The eighth word prohibits stealing, but in Scripture the word “steal” (Heb. ganaph) and the concept of “theft” covers more territory than we might assume.
1) There is a cluster of uses of ganaph in Genesis 31 (8x). Laban accuses Jacob of “stealing” away (vv. 20, 26-27), perhaps a reference to his furtive departure, like a thief in the night. Rachel steals her father’s teraphim (vv. 19, 30). In his defense, Jacob reminds Laban that he bore the cost of animals that were killed or stolen (v. 39).
As Claus Westerman notes, Jacob’s entire speech is a of a laborer against an abusive employer: “the accusation that Jacob makes against Laban is concerned with the unjust exploitation of the labor of a subordinate by one in power. This is so important to the narrator that he puts it into the center of the conflict and uses it to show God’s intervention on behalf of the weak [by multiplying Jacob’s flocks]. The link with two traditions is clear: on the one hand with the laments of the ‘poor’ in the Psalms, on the other with the social accusations of the prophets. It is surprising that already in the patriarchal stories the God of the fathers is the one who stands by the weak and the one to whom the weak can have recourse when oppressed by the powerful” (quoted in Miller, Ten Commandments, 333).
Jacob doesn’t accuse Laban of theft, but the context suggests a clash of competing accusations of stealing. But Laban’s stealing takes the form of changing wages, demanding restitution for lost property, squeezing all the labor he could from Jacob.
2) Joseph got to Egypt because he was “stolen” (Genesis 40:15). Man-stealing is mentioned a few times in the law (Exodus 21:16, the first use of ganaph after the eighth word; Deuteronomy 24:7).
That usage is worth a moment’s reflection. After all, in a case of kidnapping, it’s not clear who is the victim of the theft. From whom was Joseph “stolen”? He says he was taken “from the land of the Hebrews,” but we probably shouldn’t press the suggestion that Joseph belonged to the land. Certainly, he was taken from his father; man-stealing is theft from a family, perhaps a people, to whom a man “belongs,” to whom he is “proper.” Perhaps we should understand that what was stolen was Joseph’s freedom.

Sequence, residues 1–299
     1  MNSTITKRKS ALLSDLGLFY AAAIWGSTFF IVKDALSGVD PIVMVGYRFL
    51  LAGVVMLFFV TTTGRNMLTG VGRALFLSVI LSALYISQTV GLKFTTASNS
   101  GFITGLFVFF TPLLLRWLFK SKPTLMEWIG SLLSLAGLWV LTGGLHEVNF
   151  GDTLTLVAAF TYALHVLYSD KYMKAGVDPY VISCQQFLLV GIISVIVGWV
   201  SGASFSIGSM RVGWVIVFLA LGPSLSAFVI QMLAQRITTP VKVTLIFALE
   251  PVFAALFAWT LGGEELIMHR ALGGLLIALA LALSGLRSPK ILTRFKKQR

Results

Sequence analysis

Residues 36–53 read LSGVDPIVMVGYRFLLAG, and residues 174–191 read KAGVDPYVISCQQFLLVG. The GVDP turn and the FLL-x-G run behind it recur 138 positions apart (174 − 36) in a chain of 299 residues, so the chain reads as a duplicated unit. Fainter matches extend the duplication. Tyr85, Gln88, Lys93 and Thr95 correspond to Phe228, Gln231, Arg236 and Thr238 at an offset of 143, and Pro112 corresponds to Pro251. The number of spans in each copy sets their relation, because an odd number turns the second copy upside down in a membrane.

We might also ask, Who were the thieves who stole Joseph? Presumably his brothers. They took him, treated him as their property, sold him for money. But are the Ishmaelite traders also guilty of man-stealing?
The law requires restitution for most forms of theft, but demands the death penalty for man-stealing. That suggests that man-stealing is a kind of murder. But it might also point in another direction. Proverbs 30:9 suggests that stealing “profanes the name of my God,” thus linking theft with violations of the third word. Perhaps we should see man-stealing as a kind of sacrilege, an intrusion on and theft of Yahweh’s property. It’s a violation of holiness in the way blasphemy is, and so is punished severely. Man-stealing is Achan-like stealing, stealing from God.
That suggests, further, that Jim Jordan is correct to find parallels between the first five and last five of the ten words: The prohibition of idolatry matches the prohibition of murder, which assaults the image of God; the prohibition of images provokes Yahweh’s jealousy, and thus links the second commandment to the seventh; and the warning against taking Yahweh’s name lightly matches the eighth commandment (Jordan cites the parallel of theft and false oaths in Zechariah 5:4 as a supporting clue).